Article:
Guided Tissue Regeneration (GTR) is typically used alongside gum flap surgery. When this procedure is used, a specialized membrane is placed between the gum tissue and the bone before the gums are stitched and re-attached.

This membrane stops soft tissue (gum tissue) from growing into the gap between the teeth and gums. As it slowly dissolves, slower-growing bone tissue will grow into the area instead, which allows the jaw bone to regenerate itself.

Did you know…

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Perio maintenance appointments occur every 3 months to keep bacteria at bay.

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Have questions about sleep apnea? Find answers here.

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Does Heavy Snoring Mean I Have Sleep Apnea?

Not necessarily. Snoring is associated with sleep apnea, but snoring alone doesn’t mean you have sleep apnea. People with sleep apnea tend to snore heavily, but also have periodic interruptions in breathing. 

When they start breathing again, they may gasp or make choking sounds. So if your sleeping partner or a family member tells you that you’re snoring heavily and there are interruptions in your snoring, this may be a sign that you have sleep apnea.

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What Happens If I Don’t Get Treatment For Sleep Apnea?

In the short term, your symptoms will not improve. You will continue to get poor-quality sleep. You may feel drowsy and tired during the day, even if you’ve slept for 7-8 hours or longer. You may experience mood swings, have trouble concentrating, and have a lower libido (sex drive). Drowsy driving is also more likely if you have sleep apnea, and is extremely dangerous.

The long-term effects are equally bad. Sleep apnea interrupts proper blood oxygenation. This means that your blood can’t deliver as much oxygen to your brain, and this puts more stress on your heart, too. People with sleep apnea are much more likely to have cardiovascular (heart) disease, and have a higher risk of stroke.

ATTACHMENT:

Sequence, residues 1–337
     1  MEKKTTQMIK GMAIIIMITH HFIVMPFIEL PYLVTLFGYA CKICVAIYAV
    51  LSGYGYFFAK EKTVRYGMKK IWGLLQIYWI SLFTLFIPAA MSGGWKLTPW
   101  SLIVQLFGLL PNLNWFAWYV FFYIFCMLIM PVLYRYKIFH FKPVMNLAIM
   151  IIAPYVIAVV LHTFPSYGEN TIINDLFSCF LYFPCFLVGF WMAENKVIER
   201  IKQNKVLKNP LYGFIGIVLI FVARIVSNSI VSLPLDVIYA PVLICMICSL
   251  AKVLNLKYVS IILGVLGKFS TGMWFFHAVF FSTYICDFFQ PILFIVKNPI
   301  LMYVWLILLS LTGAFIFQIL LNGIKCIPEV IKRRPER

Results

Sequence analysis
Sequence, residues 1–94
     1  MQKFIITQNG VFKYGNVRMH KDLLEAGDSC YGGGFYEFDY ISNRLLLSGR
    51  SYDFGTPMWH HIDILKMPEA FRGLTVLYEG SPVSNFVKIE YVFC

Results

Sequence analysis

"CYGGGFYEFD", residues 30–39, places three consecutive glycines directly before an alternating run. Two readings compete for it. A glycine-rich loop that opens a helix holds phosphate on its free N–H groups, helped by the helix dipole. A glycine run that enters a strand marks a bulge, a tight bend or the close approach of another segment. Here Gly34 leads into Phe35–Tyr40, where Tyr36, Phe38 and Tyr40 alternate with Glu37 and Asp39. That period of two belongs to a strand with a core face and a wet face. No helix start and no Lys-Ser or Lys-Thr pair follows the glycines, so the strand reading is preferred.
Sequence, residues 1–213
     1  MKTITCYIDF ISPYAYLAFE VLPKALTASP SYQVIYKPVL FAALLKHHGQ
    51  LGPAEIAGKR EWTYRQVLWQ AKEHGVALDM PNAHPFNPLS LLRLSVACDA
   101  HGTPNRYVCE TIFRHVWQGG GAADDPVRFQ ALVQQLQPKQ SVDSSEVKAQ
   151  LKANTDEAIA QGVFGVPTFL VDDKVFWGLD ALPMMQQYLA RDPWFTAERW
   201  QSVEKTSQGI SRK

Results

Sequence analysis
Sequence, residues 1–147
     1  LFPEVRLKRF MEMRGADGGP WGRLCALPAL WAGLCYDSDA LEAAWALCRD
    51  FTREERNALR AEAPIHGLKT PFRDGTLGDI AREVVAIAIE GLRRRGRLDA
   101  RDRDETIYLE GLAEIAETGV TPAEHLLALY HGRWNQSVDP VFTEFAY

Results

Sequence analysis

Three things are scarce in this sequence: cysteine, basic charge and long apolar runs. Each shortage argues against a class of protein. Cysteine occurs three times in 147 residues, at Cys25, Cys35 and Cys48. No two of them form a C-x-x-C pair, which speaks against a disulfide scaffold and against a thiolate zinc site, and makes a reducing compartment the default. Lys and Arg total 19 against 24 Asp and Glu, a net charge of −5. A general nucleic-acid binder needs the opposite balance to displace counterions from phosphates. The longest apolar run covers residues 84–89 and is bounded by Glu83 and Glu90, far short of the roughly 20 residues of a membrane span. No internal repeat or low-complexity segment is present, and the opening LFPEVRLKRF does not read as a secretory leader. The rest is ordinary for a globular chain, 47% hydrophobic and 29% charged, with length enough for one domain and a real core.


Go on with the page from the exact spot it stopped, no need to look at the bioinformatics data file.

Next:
What Are The Risk Factors Associated With Sleep Apnea?

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There are a lot of different things that may raise your risk of developing obstructive sleep apnea. Here’s an overview of some of the most common risk factors:

  • Overweightness and obesity, which leads to fat deposits in the airway
  • A thicker neck, which could indicate a narrow airway
  • Being male, since men are 2-3x more likely to develop OSA
  • Old age, as sleep apnea is much more common in older adults
  • Frequent use of alcohol or sedative medications
  • Smoking, and smokers are 3x more likely to develop OSA
  • A narrow throat or difficulties breathing through the nose
  • A family history of sleep apnea

Do I Need A Sleep Study To Be Diagnosed?

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A sleep study is always the best way to be certain of a sleep apnea diagnosis. In a sleep study, you will go to a sleep specialist. You’ll go to the facility at night, then they will attach special sensors and monitors to you. You’ll sleep normally, and the team at the facility will review your sensor data and sleep patterns to make a formal diagnosis of sleep apnea. 

After this, you can discuss your condition in detail with a doctor. You can also explore your options for treatment, such as lifestyle changes, a CPAP machine, or oral appliance therapy from Dr. Kim at Candelas Dentistry in Arvada.

What’s The Difference Between Obstructive And Central Sleep Apnea?

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Obstructive Sleep Apnea (OSA) is the most common form. It is caused when your airway tissue collapses, physically obstructing your breathing. The tissue actually blocks your airway, preventing proper respiration. This is the most common type of sleep apnea.

Central Sleep Apnea (CSA) is different, and is more rare than OSA. In this type of apnea, the brain doesn’t properly signal the respiratory muscles to breathe, so breathing is interrupted. There is nothing physically blocking your breathing. Your brain simply does not send the right signals to your body, and this causes breathing interruptions.

Did you know…

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When caught early, gingivitis is entirely treatable and reversible.